This Week in Geopolitics, August 2017

Skepticism of Experts and the End of Libor

August 28, 2017

For decades, the public generally placed its trust in technocrats, the people perceived to be skillful and knowledgeable managers of economically and politically important institutions (including banks). The thinking was that aspects of the economy and politics had become too complex for ordinary citizens to understand and that the best way to handle this complexity was to allow the experts to take over. The events of 2008–09 shattered that belief.

The US, North Korea, and the Lesser of Two Evils

August 21, 2017

Most US presidencies are defined by their foreign policies, and most foreign policies are defined by wars—those that were fought and those that weren’t.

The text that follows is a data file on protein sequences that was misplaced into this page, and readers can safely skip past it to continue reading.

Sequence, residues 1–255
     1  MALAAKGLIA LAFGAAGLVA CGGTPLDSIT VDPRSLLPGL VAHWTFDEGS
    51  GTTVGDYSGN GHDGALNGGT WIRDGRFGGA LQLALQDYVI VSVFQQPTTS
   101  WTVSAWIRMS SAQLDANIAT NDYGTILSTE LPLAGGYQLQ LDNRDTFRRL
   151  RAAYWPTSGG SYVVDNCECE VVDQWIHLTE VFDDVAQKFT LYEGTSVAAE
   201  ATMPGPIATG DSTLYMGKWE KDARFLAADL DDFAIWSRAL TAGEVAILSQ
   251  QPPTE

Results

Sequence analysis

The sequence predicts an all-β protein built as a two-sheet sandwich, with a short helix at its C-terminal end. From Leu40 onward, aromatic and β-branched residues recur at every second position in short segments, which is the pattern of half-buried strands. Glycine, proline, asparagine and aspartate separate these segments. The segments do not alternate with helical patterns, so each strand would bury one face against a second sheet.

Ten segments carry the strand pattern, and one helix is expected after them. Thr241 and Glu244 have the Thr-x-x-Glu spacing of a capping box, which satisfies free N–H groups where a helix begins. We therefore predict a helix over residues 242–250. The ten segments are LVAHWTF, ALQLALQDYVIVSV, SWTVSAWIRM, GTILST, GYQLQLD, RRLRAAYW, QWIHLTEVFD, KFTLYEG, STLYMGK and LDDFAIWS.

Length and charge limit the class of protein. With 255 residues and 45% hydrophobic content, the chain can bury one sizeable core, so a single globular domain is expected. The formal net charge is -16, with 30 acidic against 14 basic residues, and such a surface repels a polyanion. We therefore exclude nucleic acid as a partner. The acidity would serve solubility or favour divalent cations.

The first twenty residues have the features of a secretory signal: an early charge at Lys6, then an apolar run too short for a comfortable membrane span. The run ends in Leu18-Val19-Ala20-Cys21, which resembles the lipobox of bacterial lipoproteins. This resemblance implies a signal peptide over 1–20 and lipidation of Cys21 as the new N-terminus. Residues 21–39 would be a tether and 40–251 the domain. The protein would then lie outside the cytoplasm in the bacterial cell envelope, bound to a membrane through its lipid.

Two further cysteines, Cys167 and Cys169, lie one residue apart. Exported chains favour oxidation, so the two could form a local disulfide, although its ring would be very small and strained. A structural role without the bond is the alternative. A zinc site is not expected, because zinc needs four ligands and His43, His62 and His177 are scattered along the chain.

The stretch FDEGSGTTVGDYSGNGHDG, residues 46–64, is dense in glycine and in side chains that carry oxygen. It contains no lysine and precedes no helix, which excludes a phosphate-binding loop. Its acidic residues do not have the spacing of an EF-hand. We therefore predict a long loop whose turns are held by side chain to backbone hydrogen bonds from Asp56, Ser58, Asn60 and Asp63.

North Korea’s Rational Analysis

August 14, 2017

The United States has several thousand operational nuclear missiles. It has a large fleet of strategic bombers, an enormous navy, and hundreds of thousands of soldiers and marines. The US could bomb, blockade, and invade North Korea if it chose to incur the cost.

When Neutrality Isn’t an Option

August 7, 2017

The new US sanctions against Russia overwhelmingly passed Congress. But in parts of Europe, they are far less popular. German Foreign Minister Sigmar Gabriel last week called them “more than problematic.” In diplomatese, that means the Germans oppose them. The Association of European Businesses, a nonprofit that advocates on behalf of European businesses with interests in Russia, urged that politics and business be kept apart.